|Publication number||US4860007 A|
|Application number||US 07/144,512|
|Publication date||Aug 22, 1989|
|Filing date||Jan 15, 1988|
|Priority date||Jan 15, 1988|
|Also published as||DE3850088D1, DE3850088T2, EP0324195A2, EP0324195A3, EP0324195B1|
|Publication number||07144512, 144512, US 4860007 A, US 4860007A, US-A-4860007, US4860007 A, US4860007A|
|Inventors||Michael L. Konicke, James E. Veitengruber, James G. Loesch|
|Original Assignee||The Boeing Company|
|Export Citation||BiBTeX, EndNote, RefMan|
|Patent Citations (12), Referenced by (107), Classifications (8), Legal Events (5)|
|External Links: USPTO, USPTO Assignment, Espacenet|
The present invention relates to primary flight displays and particularly to an improved primary flight display apparatus for optimizing the coordination and integration between display elements.
Various flight data instruments necessarily occupy a great deal of space on an aircraft control panel and require considerable concentration and comparatively long eye scan distances on the part of the pilot in properly observing all the instruments. Consequently, integrated primary flight displays have been developed which combine air data and basic flight information on the face of a comparatively small cathode ray tube. However, such primary flight displays tend merely to gather data for simultaneous presentation in the same small area without necessarily coordinating the various display scales in a manner that will aid the pilot in flying the aircraft. Also, minimum scan distances between the various instrument scales are not always attained.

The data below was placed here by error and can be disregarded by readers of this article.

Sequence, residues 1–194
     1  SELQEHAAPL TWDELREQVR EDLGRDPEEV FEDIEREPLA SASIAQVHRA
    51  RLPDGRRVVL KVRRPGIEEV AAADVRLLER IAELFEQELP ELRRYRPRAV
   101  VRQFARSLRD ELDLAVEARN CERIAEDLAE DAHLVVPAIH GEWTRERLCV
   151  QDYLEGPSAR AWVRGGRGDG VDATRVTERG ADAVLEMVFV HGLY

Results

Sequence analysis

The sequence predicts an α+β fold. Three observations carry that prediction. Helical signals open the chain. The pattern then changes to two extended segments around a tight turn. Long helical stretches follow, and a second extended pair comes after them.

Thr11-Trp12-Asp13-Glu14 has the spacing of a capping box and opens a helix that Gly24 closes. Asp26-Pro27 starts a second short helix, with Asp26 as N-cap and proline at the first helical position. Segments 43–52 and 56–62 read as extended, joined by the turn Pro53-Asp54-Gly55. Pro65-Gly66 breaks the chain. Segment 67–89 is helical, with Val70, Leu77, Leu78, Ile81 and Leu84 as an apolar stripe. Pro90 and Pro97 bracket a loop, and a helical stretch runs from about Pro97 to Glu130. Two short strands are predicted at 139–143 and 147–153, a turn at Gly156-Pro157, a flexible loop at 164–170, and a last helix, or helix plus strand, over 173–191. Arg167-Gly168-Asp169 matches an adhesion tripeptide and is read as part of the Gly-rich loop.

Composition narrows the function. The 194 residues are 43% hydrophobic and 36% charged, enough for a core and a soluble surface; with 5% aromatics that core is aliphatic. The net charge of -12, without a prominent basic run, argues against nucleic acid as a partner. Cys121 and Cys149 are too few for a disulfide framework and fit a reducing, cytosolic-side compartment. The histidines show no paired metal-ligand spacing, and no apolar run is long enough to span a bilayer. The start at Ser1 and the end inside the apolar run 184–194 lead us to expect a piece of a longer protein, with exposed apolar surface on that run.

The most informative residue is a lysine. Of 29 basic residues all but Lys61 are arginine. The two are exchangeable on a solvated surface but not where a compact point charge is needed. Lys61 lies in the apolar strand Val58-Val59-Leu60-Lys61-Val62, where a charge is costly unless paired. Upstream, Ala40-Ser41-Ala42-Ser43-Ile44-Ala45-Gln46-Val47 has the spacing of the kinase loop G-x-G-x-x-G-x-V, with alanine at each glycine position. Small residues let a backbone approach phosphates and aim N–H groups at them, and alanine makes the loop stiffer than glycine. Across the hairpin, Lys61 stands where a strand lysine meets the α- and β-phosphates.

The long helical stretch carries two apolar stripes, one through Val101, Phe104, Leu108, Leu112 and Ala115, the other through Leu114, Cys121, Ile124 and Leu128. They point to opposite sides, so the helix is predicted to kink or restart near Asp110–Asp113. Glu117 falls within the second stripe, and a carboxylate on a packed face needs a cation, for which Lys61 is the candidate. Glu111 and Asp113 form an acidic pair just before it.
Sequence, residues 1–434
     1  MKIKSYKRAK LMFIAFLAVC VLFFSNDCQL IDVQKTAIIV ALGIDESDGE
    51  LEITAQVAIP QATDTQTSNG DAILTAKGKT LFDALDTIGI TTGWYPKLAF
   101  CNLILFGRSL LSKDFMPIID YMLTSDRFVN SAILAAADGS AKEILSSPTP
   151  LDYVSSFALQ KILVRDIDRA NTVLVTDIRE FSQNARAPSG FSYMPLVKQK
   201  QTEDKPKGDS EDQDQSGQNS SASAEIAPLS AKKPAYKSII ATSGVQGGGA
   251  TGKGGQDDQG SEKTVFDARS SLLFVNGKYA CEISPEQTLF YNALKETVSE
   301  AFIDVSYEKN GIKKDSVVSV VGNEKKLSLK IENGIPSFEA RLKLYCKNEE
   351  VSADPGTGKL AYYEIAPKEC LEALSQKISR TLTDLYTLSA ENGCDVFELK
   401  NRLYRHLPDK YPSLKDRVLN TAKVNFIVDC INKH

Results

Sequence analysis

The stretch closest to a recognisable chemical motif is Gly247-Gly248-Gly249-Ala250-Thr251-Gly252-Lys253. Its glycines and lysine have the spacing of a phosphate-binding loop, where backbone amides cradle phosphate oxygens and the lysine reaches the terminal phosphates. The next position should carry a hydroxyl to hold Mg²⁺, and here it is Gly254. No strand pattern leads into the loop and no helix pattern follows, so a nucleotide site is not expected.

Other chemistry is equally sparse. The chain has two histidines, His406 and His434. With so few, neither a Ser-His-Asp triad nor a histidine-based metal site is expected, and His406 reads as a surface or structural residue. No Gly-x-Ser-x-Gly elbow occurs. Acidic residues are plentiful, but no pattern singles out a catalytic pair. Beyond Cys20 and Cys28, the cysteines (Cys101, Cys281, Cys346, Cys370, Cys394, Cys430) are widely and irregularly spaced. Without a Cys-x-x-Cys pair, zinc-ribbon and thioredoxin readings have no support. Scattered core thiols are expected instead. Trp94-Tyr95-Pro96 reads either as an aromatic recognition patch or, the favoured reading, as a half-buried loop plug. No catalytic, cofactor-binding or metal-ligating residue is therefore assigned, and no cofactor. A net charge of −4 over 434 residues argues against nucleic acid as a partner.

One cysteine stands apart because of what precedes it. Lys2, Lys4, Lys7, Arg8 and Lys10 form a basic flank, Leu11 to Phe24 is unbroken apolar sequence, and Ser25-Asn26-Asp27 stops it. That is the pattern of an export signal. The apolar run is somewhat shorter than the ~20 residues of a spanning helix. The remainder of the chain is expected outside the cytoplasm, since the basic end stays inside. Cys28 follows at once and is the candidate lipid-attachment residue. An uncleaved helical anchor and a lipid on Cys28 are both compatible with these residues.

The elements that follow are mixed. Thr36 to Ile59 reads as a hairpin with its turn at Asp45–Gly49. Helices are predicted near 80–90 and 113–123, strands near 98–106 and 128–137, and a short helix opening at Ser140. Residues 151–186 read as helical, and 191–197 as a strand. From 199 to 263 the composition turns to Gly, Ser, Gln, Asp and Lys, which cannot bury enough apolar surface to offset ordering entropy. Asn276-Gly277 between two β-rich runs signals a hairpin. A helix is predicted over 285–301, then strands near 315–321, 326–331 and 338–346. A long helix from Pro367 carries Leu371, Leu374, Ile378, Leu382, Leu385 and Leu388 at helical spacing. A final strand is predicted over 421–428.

In accordance with the present invention in a particular embodiment thereof, various air data scales are coordinated to provide minimum eye scan therebetween, with the various scales being adjacent a central electronic attitude director indicator and provided with inwardly directed pointers. An altitude scale and a vertical speed scale are positioned adjacent one another on the same side of the attitude director indicator wherein the altitude scale is provided with a pilot selected marker or "bug" for indicating the altitude to which the pilot wishes to fly. When the pointer associated with the vertical speed scale is directed toward the selected altitude on the altitude scale, the proper vertical speed is attained and indicated for flying to such altitude. As the pilot maintains the pointing relationship, the vertical speed will decrease as the desired altitude is approached and the airplane levels off properly.